Friday, August 09, 2002
By Adam Rynkiewich
He's been doing all the work, but Ed Rohlik wants to thank Granite Falls anyway.
"Granite Falls has been very good to me in contributions," said Rohlik. "Last year I was 79th in contributions out of about 1200 participants."
On July 26, Rohlik, a Vesta native who has lived in Granite Falls for 15 years, finished his sixth National Multiple Sclerosis Society's Minnesota Chapter TRAM (The Ride Across Minnesota) tour, a 300-mile trek across the state that raises money for the MS Society. Last year, the tour raised $748,211 to fight MS.
Originally Rohlik's interest in the five-day bike journey was piqued after one of his brothers (he has a 10) suffered a massive heart attack.
"I said, 'I am not going to go down without a fight.'"
Rohlik started biking and training for the first time in his life just a year before he took on the MS TRAM.
"I started doing this all for myself, to get in shape" said Rohlik, "but then I found out pluses of the race later on. The time (on the trip) for me now is really about meeting people in the tour and also spending time with people who have MS (the rest stations are operated by people with MS)."
Rohlik's wife, Lorraine, has a niece and a grand-niece who suffer from MS (a chronic, often disabling disease of the central nervous system) and has witnessed what the disease can do to people. Although she cannot ride with her husband due to chronic back pain, Lorraine said she is glad that her\ husband aids the fight against MS while he bikes for his own health as well..
"I like him to go because I see the people with this disease up close," said
Lorraine. "He's helping raise money so that maybe people with MS can function a little better and live a little better."
Rohlik trains in the summer months on the highways around Granite Falls. He said he has no particular route but he tries to find a way to head out into the wind and come back with the wind - something not always possible to do in the swirling prairie gusts. Riding nearly 1000 miles (his goal) every summer season after working 12-hour shifts at the beet sugar plant in Renville, where he has worked for 27 of his 55 years of life (he'll turn 55 this month), Rohlik sees no time when he will stop, at least no time soon.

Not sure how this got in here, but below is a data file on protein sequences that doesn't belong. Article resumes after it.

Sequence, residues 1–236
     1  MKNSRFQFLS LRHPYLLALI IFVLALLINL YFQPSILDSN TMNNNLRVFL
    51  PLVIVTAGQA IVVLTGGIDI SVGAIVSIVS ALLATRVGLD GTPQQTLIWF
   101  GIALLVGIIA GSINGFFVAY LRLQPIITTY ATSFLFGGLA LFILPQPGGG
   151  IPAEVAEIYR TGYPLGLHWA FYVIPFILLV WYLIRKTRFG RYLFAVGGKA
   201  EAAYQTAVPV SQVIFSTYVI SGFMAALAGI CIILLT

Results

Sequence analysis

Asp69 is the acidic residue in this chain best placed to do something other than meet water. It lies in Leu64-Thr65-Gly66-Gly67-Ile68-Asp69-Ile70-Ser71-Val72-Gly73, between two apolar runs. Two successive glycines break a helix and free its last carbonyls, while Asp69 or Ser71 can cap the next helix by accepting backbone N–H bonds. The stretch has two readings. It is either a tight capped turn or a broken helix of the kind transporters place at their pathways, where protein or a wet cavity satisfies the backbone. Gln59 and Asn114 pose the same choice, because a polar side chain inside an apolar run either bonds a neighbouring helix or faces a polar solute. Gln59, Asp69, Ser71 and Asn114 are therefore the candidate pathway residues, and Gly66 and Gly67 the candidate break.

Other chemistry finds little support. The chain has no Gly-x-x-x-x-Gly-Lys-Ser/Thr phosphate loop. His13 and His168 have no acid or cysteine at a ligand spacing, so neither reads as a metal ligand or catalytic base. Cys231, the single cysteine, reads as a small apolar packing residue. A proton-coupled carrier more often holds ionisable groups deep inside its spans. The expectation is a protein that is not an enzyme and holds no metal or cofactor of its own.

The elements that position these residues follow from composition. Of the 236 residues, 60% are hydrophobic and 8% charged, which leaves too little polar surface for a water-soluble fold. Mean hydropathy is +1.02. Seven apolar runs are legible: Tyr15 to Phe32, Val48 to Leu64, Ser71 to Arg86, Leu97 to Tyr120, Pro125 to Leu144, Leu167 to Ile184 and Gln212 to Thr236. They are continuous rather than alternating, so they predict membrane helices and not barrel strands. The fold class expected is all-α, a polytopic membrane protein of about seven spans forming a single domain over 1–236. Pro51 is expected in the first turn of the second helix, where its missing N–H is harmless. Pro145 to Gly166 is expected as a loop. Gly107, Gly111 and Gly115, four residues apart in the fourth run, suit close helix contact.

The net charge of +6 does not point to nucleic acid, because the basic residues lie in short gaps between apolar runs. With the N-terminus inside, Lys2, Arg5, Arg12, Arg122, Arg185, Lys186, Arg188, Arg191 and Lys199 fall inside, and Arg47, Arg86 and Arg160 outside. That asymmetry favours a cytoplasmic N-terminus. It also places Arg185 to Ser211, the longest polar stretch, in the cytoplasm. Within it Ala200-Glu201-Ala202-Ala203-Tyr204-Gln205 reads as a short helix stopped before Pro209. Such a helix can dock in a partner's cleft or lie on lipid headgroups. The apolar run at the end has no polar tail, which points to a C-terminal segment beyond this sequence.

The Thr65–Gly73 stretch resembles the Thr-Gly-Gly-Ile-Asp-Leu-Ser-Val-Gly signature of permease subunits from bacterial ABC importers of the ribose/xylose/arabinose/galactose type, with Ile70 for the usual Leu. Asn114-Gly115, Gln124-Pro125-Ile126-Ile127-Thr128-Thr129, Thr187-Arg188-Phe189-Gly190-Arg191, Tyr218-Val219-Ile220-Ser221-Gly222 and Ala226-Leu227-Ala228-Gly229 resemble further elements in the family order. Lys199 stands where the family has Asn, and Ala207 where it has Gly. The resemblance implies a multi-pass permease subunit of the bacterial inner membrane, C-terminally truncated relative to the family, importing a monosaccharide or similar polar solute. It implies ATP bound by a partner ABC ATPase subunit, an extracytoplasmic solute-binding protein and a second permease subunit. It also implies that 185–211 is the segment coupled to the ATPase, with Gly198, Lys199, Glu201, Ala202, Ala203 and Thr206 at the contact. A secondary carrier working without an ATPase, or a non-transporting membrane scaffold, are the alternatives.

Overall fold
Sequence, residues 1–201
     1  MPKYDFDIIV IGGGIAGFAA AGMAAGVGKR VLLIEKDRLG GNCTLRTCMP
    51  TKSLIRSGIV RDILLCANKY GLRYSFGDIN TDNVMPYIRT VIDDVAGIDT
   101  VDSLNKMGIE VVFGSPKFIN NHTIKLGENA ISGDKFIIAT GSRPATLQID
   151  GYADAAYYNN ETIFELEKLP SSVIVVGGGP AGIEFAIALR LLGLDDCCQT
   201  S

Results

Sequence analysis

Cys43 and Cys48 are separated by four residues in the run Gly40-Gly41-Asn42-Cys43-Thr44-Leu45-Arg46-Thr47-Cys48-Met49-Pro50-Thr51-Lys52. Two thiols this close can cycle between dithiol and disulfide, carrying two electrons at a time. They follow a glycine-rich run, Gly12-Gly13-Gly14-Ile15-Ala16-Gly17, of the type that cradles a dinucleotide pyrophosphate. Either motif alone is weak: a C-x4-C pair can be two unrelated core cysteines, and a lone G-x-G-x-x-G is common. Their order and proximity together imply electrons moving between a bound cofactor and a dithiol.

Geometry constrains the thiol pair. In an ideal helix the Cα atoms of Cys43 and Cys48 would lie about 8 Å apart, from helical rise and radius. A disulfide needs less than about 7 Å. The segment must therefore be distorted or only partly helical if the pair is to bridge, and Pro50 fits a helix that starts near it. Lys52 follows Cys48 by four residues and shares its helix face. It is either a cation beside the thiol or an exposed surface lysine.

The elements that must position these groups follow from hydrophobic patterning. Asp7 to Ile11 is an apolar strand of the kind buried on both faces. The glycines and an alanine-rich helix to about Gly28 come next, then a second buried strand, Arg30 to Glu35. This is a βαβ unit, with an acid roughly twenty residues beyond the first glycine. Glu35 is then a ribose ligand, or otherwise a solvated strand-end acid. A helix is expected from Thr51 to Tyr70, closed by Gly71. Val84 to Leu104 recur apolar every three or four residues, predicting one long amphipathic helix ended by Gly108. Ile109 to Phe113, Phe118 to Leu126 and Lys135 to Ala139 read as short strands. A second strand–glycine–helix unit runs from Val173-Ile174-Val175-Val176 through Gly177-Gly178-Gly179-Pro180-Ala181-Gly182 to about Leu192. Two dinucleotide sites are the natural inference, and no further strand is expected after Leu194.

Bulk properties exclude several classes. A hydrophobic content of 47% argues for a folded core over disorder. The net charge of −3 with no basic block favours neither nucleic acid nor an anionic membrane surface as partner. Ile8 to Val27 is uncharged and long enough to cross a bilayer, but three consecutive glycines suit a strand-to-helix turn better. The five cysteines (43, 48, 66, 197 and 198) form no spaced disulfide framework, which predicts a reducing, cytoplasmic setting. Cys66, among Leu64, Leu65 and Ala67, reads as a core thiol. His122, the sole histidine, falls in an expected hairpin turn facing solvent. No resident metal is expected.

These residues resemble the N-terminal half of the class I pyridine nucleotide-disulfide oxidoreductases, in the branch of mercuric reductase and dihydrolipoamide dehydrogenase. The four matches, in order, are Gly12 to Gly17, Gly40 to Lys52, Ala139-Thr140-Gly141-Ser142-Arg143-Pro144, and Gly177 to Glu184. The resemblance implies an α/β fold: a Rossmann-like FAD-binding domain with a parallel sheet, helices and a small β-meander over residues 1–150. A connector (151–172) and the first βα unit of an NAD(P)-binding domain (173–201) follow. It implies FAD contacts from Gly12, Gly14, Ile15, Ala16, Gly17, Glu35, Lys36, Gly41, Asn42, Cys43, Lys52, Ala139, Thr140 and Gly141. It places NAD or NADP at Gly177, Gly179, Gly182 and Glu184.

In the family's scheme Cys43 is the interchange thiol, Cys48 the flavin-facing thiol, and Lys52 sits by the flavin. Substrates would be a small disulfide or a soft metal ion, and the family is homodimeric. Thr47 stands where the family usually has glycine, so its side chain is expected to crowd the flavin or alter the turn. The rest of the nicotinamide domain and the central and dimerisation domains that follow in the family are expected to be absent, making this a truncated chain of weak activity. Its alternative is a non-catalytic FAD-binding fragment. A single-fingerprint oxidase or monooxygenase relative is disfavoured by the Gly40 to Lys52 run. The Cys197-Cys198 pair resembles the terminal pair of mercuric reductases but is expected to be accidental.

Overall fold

"There are people a lot older than me riding in the race," said Rohlik.
Of the six years he has ridden in the tour, Rohlik said that just once did he have to leave and not finish the race.
"I heard about the tornado (in Granite Falls)," said Rohlik, "in 2000 and I had to come back to see what had happened."
The 2002 tour was the 13th annual MS TRAM held. Rohlik said that the field of trekkers consists mostly of people who are retired, still in school or who have enough vacation time to take a five-day bike tour. This year the tour went from Faribault to Lake Elmo through Lanesboro, River Falls, Austin and Wabasha, the prettiest of which, Rohlik said, was Lanesboro. The TRAM group does not travel together necessarily but they do stop at the same marker each day, usually 60 miles from where they started in the morning.
"Some of the hard-core riders will take the daily route, go back to the start and then do it again while the rest of us are riding it once," said Rohlik with a laugh.
But Rohlik said that the tour is mostly a family event with children riding behind and alongside of parents.
"That's one of the neatest things about the time, seeing families riding
together for a good cause," he said
© 2002, Advocate Tribune